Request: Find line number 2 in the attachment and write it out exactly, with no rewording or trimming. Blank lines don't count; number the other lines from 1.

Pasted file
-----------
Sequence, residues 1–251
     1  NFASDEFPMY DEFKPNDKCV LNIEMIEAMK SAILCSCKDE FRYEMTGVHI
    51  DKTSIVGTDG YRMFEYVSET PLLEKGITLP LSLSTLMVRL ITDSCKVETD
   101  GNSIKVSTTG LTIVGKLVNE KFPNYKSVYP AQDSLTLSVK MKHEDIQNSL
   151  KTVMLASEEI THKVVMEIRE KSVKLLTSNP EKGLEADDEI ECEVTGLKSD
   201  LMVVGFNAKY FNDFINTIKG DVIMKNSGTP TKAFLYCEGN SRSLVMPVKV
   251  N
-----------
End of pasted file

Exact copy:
     1  NFASDEFPMY DEFKPNDKCV LNIEMIEAMK SAILCSCKDE FRYEMTGVHI